39:1500(133)NG - - IFPTE Local 128 and DOI, Bureau of Reclamation - - 1991 FLRAdec NG - - v39 p1500



[ v39 p1500 ]
39:1500(133)NG
The decision of the Authority follows:


39 FLRA No. 133

FEDERAL LABOR RELATIONS AUTHORITY

WASHINGTON, D.C.

INTERNATIONAL FEDERATION OF PROFESSIONAL AND

TECHNICAL ENGINEERS

LOCAL 128

(Union)

and

U.S. DEPARTMENT OF THE INTERIOR

BUREAU OF RECLAMATION

(Agency)

0-NG-1633

DECISION AND ORDER ON NEGOTIABILITY ISSUES

March 28, 1991

Before Chairman McKee and Members Talkin and Armendariz.

I. Statement of the Case

This case is before the Authority on a negotiability appeal filed under section 7105(a)(2)(D) and (E) of the Federal Service Labor-Management Relations Statute (the Statute). It concerns the negotiability of 12 proposals.(1)

We find that Proposal 1, which delays the implementation of the Agency's drug testing program until negotiations are completed, is negotiable because it merely restates the Agency's bargaining obligation under the Statute.

Proposal 2 requires the Agency to provide certain information concerning its drug testing program. The scope of the Agency's continuing obligation to provide information to the Union under Proposal 2 is not clear. Because the record is not sufficient for us to make a negotiability determination, the petition for review as to Proposal 2 is dismissed.

Proposal 4 would limit the operation of drug testing equipment to employees who have been trained and certified by qualified instructors before testing is started. Proposal 4 is inconsistent with the final Mandatory Guidelines for Federal Workplace Drug Testing (final Guidelines), 53 Fed. Reg. 11970-89, which are Government-wide regulations. Therefore, Proposal 4 is nonnegotiable under section 7117(a)(1) of the Statute.

Proposal 6 prohibits the Agency from using the urinalysis test as a punitive measure against an employee. The Agency has not demonstrated that Proposal 6 is inconsistent with any law, rule, or regulation so as to render it nonnegotiable under the Statute. Accordingly, we find that Proposal 6 is negotiable.

Proposal 8 requires the Agency to provide up to 4 hours of administrative leave for an employee to take a drug test. The Agency has not demonstrated that Proposal 8 is inconsistent with any law, rule, or regulation so as to render it nonnegotiable under the Statute. Therefore, we find that Proposal 8 is negotiable.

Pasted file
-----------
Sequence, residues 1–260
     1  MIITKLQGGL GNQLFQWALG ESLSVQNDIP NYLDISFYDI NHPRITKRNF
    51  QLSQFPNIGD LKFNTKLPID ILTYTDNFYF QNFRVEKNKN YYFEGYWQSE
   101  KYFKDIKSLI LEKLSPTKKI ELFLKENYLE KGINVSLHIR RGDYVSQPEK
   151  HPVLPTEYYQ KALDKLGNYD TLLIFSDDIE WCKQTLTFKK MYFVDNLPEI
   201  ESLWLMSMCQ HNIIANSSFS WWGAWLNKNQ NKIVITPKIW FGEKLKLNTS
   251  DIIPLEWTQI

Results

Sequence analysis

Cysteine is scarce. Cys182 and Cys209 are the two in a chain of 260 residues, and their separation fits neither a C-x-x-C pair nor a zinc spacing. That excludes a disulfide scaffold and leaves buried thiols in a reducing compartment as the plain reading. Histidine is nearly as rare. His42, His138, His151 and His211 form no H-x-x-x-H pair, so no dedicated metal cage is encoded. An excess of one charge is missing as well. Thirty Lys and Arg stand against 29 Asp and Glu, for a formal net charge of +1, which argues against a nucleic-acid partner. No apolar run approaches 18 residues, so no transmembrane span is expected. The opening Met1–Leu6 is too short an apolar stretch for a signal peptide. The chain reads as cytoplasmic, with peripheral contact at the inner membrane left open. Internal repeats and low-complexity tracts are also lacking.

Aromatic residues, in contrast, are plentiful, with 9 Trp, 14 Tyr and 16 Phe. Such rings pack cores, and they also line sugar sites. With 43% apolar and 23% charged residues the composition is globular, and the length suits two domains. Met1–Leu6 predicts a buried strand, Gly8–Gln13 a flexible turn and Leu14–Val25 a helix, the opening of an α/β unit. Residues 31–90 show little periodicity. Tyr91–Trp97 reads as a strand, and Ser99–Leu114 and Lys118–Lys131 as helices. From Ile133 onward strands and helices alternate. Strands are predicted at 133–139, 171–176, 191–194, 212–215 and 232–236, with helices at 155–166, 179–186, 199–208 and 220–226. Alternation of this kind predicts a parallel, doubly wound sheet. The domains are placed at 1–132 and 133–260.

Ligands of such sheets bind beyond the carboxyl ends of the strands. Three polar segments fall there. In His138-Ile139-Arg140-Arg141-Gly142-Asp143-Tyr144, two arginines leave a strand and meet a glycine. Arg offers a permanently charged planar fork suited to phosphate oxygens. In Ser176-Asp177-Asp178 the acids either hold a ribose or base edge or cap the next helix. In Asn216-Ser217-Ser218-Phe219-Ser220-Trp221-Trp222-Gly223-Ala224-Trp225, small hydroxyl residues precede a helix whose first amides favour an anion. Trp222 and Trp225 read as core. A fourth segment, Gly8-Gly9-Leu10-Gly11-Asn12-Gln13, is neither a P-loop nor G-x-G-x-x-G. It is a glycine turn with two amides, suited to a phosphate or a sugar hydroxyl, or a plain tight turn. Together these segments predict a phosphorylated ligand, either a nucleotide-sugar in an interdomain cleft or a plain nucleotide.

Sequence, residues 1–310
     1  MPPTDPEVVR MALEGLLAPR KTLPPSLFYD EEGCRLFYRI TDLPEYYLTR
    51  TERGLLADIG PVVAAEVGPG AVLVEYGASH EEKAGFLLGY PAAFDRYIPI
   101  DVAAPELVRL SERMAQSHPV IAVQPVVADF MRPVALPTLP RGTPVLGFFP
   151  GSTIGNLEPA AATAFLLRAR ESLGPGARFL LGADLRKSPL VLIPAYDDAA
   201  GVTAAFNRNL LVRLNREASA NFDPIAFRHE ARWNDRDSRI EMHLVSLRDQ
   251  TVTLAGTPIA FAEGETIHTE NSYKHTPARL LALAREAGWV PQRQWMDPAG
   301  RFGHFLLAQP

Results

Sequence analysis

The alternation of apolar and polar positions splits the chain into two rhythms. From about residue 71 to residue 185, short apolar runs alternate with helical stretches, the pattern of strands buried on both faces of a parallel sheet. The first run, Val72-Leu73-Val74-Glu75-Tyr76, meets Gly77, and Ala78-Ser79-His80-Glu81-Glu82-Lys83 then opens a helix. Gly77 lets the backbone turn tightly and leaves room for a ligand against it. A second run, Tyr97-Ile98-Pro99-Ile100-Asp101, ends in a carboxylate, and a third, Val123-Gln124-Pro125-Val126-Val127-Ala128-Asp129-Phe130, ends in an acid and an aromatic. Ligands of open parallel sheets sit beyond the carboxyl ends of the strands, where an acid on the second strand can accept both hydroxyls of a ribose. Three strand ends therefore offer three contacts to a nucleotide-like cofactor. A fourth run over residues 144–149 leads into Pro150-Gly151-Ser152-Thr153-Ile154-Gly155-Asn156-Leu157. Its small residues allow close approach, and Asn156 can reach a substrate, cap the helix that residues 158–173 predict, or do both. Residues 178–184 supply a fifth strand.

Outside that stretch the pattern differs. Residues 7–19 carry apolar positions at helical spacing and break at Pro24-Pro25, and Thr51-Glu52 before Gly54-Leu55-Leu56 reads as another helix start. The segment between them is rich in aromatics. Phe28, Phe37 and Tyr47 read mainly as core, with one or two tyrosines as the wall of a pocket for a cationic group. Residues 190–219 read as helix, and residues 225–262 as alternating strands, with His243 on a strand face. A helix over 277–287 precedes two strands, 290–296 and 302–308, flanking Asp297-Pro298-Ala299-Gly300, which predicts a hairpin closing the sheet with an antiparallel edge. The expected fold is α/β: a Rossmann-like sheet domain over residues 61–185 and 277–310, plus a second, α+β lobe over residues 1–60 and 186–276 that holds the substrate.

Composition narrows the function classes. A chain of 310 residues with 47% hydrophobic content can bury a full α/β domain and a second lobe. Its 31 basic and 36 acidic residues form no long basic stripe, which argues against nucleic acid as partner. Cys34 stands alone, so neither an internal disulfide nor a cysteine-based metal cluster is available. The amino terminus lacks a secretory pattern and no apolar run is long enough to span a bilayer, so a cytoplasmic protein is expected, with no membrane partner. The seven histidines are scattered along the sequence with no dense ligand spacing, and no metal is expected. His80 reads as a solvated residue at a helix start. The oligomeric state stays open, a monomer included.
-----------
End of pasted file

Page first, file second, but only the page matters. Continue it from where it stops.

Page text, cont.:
Proposal 10 provides that urine samples that are not tested on the day that they are collected will be frozen. The proposal also states that if, after thawing, the samples show signs of precipitated salts, the specimens will be discarded and new samples taken. We find that the proposal is inconsistent with sections 2.4(c) and (i) of the final Guidelines, which are Government-wide regulations and, therefore, Proposal 10 is nonnegotiable under section 7117(a)(1) of the Statute.

Proposals 11 and 12 provide that a second drug test will be performed automatically if the first drug test result is positive. We find that the record is not sufficient for us to make a negotiability determination as to these proposals and, therefore, we will dismiss the Union's petition for review as to Proposals 11 and 12.

Proposal 13 would require the Agency, instead of firing an employee who is found to use illegal drugs, to offer that employee access to a rehabilitation program. To the extent that Proposal 13 would preclude the Agency from initiating an adverse action against an employee, that is, removal, upon a first confirmed positive drug test, we find that it directly and excessively interferes with management's right to discipline employees under section 7106(a)(2)(A) of the Statute and is nonnegotiable. To the extent that Proposal 13 would preclude removal of an employee upon a second confirmed positive drug test, we find that the proposal is inconsistent with Exec. Order No. 12564 and the FPM Letter and nonnegotiable under section 7117(a)(1) of the Statute.

Proposal 14 precludes the Agency, for a period of at least 60 days, from giving a urinalysis test to an employee who is in a rehabilitation program. Although Proposal 14 is not contrary to law or Government regulation, it is nonnegotiable because it directly interferes with management's right under 7106(a)(1) of the Statute to determine its internal security practices.

Proposal 15 precludes the Agency from initiating action to remove an employee who has tested positive for illegal drug use a second time without allowing the employee a second chance at rehabilitation. Proposal 15 is inconsistent with Exec. Order No. 12564 and FPM Letter 792-19 and, therefore, is nonnegotiable under section 7117(a)(1) of the Statute.

Proposal 16 prohibits the Agency from testing an employee who has tested negative for the use of illegal drugs for at least a year after the date of the negative test result. Proposal 16 is nonnegotiable because it directly interferes with management's right under section 7106(a)(1) of the Statute to determine its internal security practices.

II. Procedural Matters

The Union filed its petition for review in this case on December 13, 1988. The Union also filed concurrent unfair labor practice charges on the same issues. On March 10, 1989, processing of this negotiability appeal was suspended based on the Union's election under 5 C.F.R. º 2424.6 to proceed under the Authority's unfair labor practice procedure. The unfair labor practice charges were later withdrawn (Case Nos. 7-CA-90170-1 and 7-CA-90170-2) and the Authority resumed processing of the Union's petition for review on November 7, 1989.